Illinois stumbles but does enough to make finals
CHAMPAIGN – While some of their fans were biting their fingernails to the bone, the Illinois men''s gymnastics competitors were taking a deep breath and relaxing.
The top-ranked Illini advanced to tonight''s team finals at the NCAA Championships, but only after a few anxious moments – even if they were experienced mostly by the folks in the Assembly Hall stands.
The Illini finished third out of six squads in the evening session, securing the last qualifying spot for the team finals. With four of the six events complete, they were fourth.
"Today we were really relaxed, maybe a little too much," Illinois'' Adam Pummer said. "We came into it knowing that all we had to do was make some stuff and we could get to the second day. We weren''t trying to go all out and blow our load."
If nothing else, it injected some drama into a session that figured to have little. Illinois was expected to cruise into the finals, but several shaky routines on the parallel bars and the high bar prevented that route. Ultimately, California finished first with 220.875 points and Ohio State – the Big Ten runner-up behind Illinois – was next at 219.625. Illinois was third at 218.525, followed by Stanford (214.600), Minnesota (214.525) and Nebraska (212.250).
The Illini, California and Ohio State will be joined at 7 tonight by first-session winners Penn State, Michigan and two-time defending champion Oklahoma. Scores do not carry over to the finals, so the rough start won''t have a statistical impact.
"I told the guys they should not be worried about it," UI coach Yoshi Hayasaki said. "We had some rough spots today, but I know we''ll correct that. It''s almost like a good practice round for us."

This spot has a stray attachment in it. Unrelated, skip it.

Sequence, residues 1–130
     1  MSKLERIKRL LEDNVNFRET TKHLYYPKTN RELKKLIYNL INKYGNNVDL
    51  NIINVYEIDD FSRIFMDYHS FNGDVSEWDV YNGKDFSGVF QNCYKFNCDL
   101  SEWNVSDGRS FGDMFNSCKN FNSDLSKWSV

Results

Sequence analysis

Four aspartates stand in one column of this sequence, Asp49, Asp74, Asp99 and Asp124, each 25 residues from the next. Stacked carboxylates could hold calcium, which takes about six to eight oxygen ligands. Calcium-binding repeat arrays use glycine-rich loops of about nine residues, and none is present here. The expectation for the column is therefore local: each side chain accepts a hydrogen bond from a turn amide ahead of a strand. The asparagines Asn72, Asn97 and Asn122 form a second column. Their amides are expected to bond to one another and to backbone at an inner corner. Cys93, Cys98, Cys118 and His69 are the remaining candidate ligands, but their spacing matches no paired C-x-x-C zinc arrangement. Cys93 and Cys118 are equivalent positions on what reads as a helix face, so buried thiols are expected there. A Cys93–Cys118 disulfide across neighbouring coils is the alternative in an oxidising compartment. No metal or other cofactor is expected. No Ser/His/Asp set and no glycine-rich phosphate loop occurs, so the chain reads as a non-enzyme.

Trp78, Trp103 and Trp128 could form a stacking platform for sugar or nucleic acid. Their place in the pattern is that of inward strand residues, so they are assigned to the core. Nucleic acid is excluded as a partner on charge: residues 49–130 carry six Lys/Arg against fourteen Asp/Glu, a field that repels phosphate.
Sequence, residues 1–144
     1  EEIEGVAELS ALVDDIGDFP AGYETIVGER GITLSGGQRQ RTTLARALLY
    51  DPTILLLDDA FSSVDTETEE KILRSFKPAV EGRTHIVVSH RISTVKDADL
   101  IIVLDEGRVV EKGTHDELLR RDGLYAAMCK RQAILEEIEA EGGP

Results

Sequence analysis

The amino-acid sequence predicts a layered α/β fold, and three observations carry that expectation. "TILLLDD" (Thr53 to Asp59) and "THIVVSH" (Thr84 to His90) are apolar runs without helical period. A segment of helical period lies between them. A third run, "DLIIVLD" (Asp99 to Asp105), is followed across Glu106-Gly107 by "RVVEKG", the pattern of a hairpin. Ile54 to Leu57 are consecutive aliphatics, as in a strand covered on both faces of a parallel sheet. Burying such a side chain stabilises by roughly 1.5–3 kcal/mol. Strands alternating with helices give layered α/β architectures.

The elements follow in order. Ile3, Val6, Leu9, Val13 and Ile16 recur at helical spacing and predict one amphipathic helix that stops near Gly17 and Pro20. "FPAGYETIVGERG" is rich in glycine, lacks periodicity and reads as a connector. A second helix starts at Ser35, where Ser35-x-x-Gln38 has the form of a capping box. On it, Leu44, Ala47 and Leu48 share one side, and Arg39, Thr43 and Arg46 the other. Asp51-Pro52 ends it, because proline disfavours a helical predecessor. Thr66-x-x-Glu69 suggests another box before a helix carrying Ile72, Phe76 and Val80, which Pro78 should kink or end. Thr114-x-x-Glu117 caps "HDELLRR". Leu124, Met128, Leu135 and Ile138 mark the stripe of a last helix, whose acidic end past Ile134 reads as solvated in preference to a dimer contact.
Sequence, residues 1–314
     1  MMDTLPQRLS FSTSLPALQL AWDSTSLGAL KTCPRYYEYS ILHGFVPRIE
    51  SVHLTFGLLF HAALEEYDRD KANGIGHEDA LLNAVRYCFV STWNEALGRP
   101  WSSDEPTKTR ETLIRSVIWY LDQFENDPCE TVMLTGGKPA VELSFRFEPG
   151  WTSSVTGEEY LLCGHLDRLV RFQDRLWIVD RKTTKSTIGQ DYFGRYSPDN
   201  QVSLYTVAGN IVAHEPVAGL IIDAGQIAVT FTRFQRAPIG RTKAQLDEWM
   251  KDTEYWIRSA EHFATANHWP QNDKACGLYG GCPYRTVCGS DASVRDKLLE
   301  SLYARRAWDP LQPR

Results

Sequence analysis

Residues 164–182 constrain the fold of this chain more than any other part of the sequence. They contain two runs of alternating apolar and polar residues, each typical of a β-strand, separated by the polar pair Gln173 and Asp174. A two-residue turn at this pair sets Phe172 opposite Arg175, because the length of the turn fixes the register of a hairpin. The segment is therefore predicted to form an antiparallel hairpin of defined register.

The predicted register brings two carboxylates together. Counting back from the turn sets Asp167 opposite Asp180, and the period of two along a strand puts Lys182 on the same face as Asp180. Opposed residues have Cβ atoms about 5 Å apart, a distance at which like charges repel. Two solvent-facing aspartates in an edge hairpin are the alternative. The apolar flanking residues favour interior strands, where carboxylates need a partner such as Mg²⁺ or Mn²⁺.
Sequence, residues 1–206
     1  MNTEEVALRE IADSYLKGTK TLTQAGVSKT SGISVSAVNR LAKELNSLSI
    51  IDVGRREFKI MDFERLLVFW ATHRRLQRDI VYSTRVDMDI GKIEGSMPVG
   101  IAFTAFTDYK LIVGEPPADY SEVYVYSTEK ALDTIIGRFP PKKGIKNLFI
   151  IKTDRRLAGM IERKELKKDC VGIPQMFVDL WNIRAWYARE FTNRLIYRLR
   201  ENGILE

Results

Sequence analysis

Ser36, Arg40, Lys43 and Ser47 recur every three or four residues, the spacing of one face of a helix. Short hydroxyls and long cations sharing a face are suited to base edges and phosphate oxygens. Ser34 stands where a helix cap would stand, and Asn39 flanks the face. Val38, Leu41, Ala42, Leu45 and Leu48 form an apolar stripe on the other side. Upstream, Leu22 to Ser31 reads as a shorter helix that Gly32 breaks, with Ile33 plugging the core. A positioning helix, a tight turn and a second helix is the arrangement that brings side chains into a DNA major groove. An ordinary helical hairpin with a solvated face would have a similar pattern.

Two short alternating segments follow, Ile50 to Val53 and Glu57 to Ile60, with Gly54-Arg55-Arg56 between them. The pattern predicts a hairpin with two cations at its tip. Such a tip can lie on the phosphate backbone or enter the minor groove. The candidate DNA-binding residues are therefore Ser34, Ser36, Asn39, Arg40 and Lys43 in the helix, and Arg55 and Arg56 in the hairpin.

The Illini started fine, posting good scores on the still rings and the vault. But they sputtered on the parallel bars, scoring a season-low 34.150, and the high bar, where they compiled a season-low 35.675.
"That''s the thing about this sport," Illinois'' Justin Spring said. "It''s a tossup. On any given day, you can have mistakes. This sport is so hard to be consistent."
The Illini had time to regroup, as they had a bye in the rotation after the high bar debacle. They were fourth, narrowly trailing third-place Minnesota, heading to the floor exercise and the pommel horse. The Illini are ranked first nationally in both.
"On the bye, we just relaxed and kept to ourselves and thought about what we were doing," Pummer said. "That got our heads back into it."
It was similar to the Big Ten meet, when Illinois had to rebound after subpar efforts on parallel bars and high bar.
"We have a habit of rebounding," Spring said. "I guess that''s our forte. We get ourselves into a hole, and then we come back strong. If we''re going to win this championship, we need to not allow ourselves to get into that hole initially."
Fortunately for the Illini, floor exercise was a beacon. Bob Rogers (9.25), Pummer (9.6) and Spring (9.725) polished off solid routines in succession to complete that rotation, and all six competitors on pommel horse scored in the 9s, led by Ben Newman (9.625) and pommel horse All-American Peter Shostchuk (9.6).
"I don''t know what the guys were thinking today," Hayasaki said. "Maybe they were thinking about tomorrow. But certainly today was not one of the best performances."
Illinois is looking for its first national crown since 1989. It finished fifth a year ago.
"We''re just happy to be in the top three and competing tomorrow," Hayasaki said. "It''s a brand-new day tomorrow. Anything can happen."
You can reach Tony Bleill at (217) 351-5605 or via e-mail at email@example.com.